World oil prices headed lower on Friday for the fifth straight trading session, despite declining US oil reserves and a rash of kidnappings in major crude producer Nigeria.
New York's main oil futures contract, light sweet crude fell US$1.26 to close at US$61.93 per barrel. In London, the price of Brent North Sea crude dropped US$0.74 to finish at US$65.31 per barrel.
Oil prices have shed more than US$4 per barrel in New York since last Friday, or nearly 7 percent of their value. They have lost US$3 in London, a decline of 4.5 percent.
Analysts said traders were focusing for an expected production ramp-up.
"Crude managed another new low for the move on Thursday, but seemed to stall right at that point, which may suggest that the downward momentum of the last several days is running out," Mike Fitzpatrick of Man Financial said.
"The Nigerian situation could be a very important swing factor for prices in the coming weeks," he said.
Investors are monitoring the latest developments in Nigeria, Africa's biggest oil exporter, where armed men have this week abducted at least 20 foreigners in three separate incidents.
Nigeria is the world's sixth-biggest oil exporter but its output is being severely hit by frequent kidnappings of foreign oil workers and attacks on pipelines.
Meanwhile, dealers said US gasoline stockpiles remained in focus ahead of the US holiday driving season, which starts later this month.
US gasoline reserves fell 1.1 million barrels to 193.1 million last week and are down 34.1 million barrels or 15 percent since early February, according to data published this week by the US Department of Energy.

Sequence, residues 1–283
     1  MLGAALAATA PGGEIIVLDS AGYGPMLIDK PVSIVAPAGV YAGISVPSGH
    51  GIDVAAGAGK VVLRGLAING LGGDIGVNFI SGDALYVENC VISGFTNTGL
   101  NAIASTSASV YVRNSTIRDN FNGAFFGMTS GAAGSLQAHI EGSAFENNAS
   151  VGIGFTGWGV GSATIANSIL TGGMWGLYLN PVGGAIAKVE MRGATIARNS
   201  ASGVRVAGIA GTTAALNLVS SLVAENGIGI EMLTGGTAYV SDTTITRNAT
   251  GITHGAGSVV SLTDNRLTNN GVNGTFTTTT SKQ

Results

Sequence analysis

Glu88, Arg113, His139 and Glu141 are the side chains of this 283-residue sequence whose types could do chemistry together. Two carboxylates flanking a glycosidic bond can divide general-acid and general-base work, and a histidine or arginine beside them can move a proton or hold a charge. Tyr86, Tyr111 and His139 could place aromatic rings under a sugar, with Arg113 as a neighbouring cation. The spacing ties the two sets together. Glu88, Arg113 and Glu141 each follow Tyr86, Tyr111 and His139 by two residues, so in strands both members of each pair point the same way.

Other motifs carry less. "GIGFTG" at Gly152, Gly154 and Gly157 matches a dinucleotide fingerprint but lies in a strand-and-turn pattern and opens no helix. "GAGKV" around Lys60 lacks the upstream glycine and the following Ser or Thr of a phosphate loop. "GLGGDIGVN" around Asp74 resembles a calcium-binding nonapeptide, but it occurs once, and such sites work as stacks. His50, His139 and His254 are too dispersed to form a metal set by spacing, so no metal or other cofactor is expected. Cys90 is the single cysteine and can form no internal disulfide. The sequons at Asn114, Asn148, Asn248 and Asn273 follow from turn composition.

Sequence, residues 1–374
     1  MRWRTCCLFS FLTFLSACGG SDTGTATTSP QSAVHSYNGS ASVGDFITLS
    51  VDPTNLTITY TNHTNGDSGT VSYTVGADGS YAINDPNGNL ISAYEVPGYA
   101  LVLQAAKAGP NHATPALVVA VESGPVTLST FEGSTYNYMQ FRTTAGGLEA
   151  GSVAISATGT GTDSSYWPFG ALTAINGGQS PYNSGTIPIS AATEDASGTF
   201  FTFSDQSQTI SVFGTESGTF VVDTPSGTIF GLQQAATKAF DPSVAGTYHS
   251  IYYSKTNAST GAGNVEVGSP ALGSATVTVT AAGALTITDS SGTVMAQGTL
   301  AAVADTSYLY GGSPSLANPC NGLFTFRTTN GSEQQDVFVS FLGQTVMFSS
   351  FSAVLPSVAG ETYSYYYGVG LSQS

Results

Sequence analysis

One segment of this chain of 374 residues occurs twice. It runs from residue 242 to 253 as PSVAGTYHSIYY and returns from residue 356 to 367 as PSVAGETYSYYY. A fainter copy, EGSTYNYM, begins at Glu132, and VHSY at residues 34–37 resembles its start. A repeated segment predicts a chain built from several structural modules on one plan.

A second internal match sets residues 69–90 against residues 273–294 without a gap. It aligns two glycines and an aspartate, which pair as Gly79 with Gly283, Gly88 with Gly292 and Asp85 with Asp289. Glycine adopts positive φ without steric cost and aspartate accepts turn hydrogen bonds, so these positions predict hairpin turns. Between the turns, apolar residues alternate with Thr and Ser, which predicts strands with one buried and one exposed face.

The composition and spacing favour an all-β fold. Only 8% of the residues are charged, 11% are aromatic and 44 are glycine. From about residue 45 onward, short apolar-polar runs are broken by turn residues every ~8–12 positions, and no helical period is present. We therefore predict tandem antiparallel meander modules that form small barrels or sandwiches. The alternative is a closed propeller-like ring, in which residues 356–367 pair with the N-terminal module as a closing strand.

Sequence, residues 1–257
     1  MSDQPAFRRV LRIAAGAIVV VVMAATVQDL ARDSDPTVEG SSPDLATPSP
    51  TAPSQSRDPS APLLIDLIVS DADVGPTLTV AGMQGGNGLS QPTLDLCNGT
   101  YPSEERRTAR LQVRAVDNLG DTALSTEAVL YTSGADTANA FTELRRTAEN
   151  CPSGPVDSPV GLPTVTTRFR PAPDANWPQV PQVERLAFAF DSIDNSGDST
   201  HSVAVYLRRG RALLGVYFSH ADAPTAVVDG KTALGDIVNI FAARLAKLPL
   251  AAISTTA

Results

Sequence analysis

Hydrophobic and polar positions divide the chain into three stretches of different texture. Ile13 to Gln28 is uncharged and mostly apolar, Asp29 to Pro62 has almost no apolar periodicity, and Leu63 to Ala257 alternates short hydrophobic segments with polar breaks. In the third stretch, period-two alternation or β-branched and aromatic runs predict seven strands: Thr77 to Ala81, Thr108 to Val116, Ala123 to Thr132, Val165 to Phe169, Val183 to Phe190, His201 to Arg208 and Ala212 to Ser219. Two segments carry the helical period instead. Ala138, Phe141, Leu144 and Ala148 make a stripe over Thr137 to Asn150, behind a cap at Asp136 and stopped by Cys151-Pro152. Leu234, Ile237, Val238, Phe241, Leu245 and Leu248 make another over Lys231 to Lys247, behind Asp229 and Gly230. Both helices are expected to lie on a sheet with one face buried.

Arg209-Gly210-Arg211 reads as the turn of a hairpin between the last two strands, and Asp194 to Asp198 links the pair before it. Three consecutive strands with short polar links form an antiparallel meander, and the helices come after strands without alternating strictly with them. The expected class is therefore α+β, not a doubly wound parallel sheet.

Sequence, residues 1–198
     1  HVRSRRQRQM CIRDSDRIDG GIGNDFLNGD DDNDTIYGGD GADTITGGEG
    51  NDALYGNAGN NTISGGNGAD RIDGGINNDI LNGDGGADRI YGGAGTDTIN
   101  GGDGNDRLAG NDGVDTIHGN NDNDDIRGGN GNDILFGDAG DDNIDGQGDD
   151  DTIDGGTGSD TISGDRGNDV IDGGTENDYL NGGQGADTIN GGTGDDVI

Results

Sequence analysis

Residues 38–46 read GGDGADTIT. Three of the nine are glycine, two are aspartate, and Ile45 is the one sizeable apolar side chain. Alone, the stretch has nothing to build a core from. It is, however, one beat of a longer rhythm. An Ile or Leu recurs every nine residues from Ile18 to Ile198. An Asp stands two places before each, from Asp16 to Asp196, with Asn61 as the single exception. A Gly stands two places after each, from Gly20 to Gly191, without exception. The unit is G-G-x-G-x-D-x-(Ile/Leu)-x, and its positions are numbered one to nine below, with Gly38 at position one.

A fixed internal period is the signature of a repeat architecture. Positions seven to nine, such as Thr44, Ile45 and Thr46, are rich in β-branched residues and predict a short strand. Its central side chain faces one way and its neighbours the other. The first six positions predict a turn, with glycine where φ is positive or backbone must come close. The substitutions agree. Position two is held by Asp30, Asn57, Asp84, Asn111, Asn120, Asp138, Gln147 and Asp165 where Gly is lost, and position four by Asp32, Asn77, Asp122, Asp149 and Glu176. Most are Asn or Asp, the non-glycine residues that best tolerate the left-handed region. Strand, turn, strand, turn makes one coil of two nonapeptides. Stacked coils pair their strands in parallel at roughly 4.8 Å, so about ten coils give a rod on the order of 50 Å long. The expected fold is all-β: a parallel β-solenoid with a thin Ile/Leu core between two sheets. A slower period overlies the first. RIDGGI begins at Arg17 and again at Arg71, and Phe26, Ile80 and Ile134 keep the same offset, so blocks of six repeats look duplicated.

Despite last week's smaller-than-expected drop, it was the 12th weekly decline in a row for gasoline stocks.
Drivers in the US were feeling the pinch, with gasoline prices topping US$3 a gallon (US$0.7925 per liter) on Friday, the highest level in nearly a year, according to a leading automobile association.
The Automobile Association of America said the average price at the pump was US$3.012 on Friday.
Gasoline prices have surged higher in recent weeks, rising as much as 15 percent in April in the New York market, amid refinery breakdowns and maintenance work that has hampered gasoline production in the US.
The Department of Energy added that US refineries had ratcheted up their gasoline production last week, with capacity utilization increasing by a half point from the prior week to 88.3 percent.
"There is some market expectation that US refinery operating rates will increase and the tightness in the gasoline market will be relieved," said Victor Shum, an analyst with energy consultancy Purvin and Gertz in Singapore.
He added that a US government announcement Wednesday that it would halt buying crude for its strategic petroleum reserve (SPR), possibly for several months, could put downward pressure on prices.
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